Exam up tonight! Due Thurs. 11:55 p.m.

  • Remember: you get 2 hours!
  • Penalty per word over 150 per essay!

Panko, Chapter 11: Network Applications

Users care about applications. The rest is a black box they don’t want or need to open.

1950s-60s: apps hosted by mainframes that did all the work, dumb terminals connected (usu. via coax-style cable, but some by modem-telephonenetwork-modem). No intergrated circuit CPU until 1971 (Intel! the 4004 4-bit microprocessor); all done by vacuum tubes (when “bugs” in the system meant bugs in the system: moths came to the light emitted!). Slow response time, monochrome text, graphics rare, transmission expensive.

1981: first IBM PC used Intel 8088 8-bit CPU

Client/Server Computing: the terminal does at least some processing. Remember: today’s laptops can run the Space Shuttle. Servers are still faster.

Filtering e-mail out of your server is really important if you’re in one of the industries that regs require to archive all e-mail for seven years! Several apps can help with that process.

E-mail protocols:

  1. SMTP (Simple Mail Transfer Protocol): sender-initiated
  2. POP or IMAP to download; receiver initiates

Separate E-mail Body Standards for all-text, HTML…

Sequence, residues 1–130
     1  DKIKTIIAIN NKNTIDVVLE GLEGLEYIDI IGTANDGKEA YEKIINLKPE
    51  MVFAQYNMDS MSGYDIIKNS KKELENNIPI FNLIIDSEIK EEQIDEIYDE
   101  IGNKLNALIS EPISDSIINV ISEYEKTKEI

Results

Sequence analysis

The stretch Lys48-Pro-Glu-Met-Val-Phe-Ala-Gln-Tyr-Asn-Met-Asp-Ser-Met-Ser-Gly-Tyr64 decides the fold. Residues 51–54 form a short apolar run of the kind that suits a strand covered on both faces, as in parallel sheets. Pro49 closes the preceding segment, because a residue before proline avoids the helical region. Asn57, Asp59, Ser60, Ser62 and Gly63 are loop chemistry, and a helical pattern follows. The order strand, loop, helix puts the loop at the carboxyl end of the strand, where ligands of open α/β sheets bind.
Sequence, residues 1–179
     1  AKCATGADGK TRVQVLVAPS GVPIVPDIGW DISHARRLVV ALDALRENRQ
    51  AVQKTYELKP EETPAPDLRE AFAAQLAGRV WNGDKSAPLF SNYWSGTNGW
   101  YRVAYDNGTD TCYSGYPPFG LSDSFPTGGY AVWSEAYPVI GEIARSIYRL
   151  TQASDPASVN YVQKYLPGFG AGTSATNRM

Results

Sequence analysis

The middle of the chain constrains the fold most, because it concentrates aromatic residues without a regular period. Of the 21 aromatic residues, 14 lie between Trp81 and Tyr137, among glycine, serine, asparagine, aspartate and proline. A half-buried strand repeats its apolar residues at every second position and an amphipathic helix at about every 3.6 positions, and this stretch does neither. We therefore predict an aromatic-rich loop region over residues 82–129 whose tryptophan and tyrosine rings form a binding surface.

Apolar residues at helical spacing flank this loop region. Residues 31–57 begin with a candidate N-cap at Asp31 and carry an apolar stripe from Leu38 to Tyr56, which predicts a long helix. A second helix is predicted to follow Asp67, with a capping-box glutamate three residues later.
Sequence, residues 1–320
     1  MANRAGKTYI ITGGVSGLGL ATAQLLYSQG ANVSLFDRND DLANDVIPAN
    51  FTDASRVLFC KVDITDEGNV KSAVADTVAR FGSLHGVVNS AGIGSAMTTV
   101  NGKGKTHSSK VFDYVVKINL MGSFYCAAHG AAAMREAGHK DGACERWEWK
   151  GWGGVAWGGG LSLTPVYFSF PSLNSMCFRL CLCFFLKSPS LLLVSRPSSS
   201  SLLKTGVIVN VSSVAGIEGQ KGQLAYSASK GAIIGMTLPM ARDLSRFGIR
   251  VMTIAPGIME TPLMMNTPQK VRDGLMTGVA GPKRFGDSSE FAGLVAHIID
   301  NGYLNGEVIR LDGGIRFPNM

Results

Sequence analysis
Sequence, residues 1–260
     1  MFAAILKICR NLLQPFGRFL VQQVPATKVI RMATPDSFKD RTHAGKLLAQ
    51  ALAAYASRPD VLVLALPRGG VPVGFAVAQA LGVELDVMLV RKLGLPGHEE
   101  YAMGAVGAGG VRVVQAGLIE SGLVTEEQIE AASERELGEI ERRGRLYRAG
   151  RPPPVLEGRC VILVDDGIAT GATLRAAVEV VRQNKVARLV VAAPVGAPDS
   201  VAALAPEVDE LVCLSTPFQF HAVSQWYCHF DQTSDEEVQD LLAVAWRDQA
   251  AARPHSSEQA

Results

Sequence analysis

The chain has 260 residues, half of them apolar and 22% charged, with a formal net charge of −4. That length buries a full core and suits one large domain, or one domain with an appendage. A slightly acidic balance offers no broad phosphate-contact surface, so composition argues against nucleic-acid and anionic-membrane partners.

NetAdmins need to worry more about viruses, worms, Trojan horses, spam, spyware, etc. Widespread problems; antivirus software is almost universal and generally ineffective

  1. So outsource to Postini! Even if you still maintain your own firewall, two lines of defense are better than one.

Spam is bad:

  1. consumes bandwidth
  2. consumes network staff time
  3. consumes user time
  4. may trigger sexual harassment suit (hostile environment! network admin has responsibility not to let such garbage into the workplace!)
  5. consumes storage space if regs require archiving of all e-mails

E-Commerce: Internet opened to it in 1991 (come on, almost 20 years: we should have it figured out by now! ;-) )

  • started with online catalogs
  • then shopping cart, checkout, payment
  • customer resource management (CRM)
  • links to external systems
  • links to internal systems (accounting, pricing, warehousing, shipment, etc.: go check out eBay!)

Peer-to-Peer Computing:

  • Gehl investigated using this model to distribute user manuals and other docs so they wouldn’t have to upgrade a file server
  • method avoids overload of central server
  • also avoids single point of failure
  • gives end user more freedom
  • uses client capacity better
  • Problem: clients come and go (switched off for night!)
  • Problem: client IP addresses switch!
  • Biggest Problem: sceurity! no central control!
  • grad student at research symposium last week talked about working up a model on using P2P capacity in Mayo Clinic to analyze med data
  • Pure P2P IM has no servers, but finding each other can be a hassle if you restart your computer and get a new IP